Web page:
• Google's Chairman Eric Schmidt has just threatened that even if the Congress passed a law to reign in copyright-infringing websites by requiring that search engines and others not link to and support these criminal sites, Google would still fight the requirement.
    • The attitude of Google's leadership appears to directly be challenging the Government's sovereignty to pass and enforce laws.
    • Given the Supreme Court's 9-0 decision to shut down Grokster for copyright infringement, Google's claim that such a law proposed by the Senate Judicary Chairman would be an infringement of free speech rights -- seems an almost laughably roguish position.
  • Google also currently is snubbing its nose at the DOJ and the Federal Judge that opposed the Google Book Settlement as unlawful, by continuing to copy millions of books without permission.
    • (For the record, Google does not have my permission to copy my new book Search & Destroy Why You Can't Trust Google Inc.)

 

Seventh, this issue is serious because it appears Google has known about this investment-material criminal investigation for several months, but did not disclose it to investors in a timely manner as required by SEC regulation.

 

  • It is hard to see how Google can say that a pending criminal investigation is not material information for investors, especially if the ~$500m Google is accruing for a fine, would reduce Google 1Q11 profits by ~20%.
    • It is also especially important to a company that maintains that trust is central to the ongoing success of their business franchise.
  • If any Google executives have been selling stock, it raises the question of why Google delayed disclosing this material information until after new Google CEO Larry Page's first quarterly conference call appearance was over and why just after a Google executive testified before the Senate Judiciary Committee, ironically on Google's invasion of privacy.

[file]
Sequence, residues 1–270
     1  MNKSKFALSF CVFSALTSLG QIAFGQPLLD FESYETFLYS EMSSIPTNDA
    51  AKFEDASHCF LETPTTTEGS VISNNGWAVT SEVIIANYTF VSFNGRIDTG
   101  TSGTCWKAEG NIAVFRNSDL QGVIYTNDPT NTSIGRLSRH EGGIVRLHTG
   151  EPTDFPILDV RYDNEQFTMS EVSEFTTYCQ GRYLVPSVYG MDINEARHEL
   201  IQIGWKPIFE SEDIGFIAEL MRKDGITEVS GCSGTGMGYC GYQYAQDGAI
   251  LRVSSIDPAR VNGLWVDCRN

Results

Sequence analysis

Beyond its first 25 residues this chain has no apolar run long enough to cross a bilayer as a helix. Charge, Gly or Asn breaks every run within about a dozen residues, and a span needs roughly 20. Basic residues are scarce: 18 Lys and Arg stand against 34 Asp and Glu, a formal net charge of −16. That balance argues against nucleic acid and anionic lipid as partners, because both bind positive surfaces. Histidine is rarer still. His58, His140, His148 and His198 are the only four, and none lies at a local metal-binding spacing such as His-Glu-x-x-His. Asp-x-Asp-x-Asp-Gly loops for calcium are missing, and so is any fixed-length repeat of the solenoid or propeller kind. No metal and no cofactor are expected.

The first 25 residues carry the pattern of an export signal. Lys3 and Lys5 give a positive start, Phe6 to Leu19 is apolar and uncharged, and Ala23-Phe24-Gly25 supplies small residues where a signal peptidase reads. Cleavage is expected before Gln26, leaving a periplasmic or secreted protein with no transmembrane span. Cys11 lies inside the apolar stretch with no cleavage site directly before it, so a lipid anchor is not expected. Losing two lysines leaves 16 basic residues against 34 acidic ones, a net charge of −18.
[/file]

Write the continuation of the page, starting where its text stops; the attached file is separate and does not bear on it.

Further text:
In sum, from the information we publicly know there is sufficient evidence to conclude that this criminal investigation into Google's promotion of illegal pharmacy sales may be the most serious law enforcement crisis Google has faced to date, if not the most serious.

 

  • It will be telling to watch how Google spins this news when it comes out.
  • Like past practice, will Google...
    • Blame users and publishers...
    • Claim everybody does it...
    • Claim this law enforcement is what normally happens to any successful company that is "innovative" or "disruptive..." or
    • Spin (like in the FTC-Google privacy enforcement action) that what sanctions Google must live under would be a good baseline for everyone else to follow, so in a sense, Google can be looked at not as a law breaker, but really as a positive role model for other corporations to follow going forward....

What's really needed is for the company to unequivocally say that breaking the law and endangering consumers with injury or loss of life is wrong, and that it won't happen again because the company is fully committed to implementing the management accountability measures to ensure that nothing like this behavior ever happens again at Google.

  • Sadly, no one should hold their breath on that one...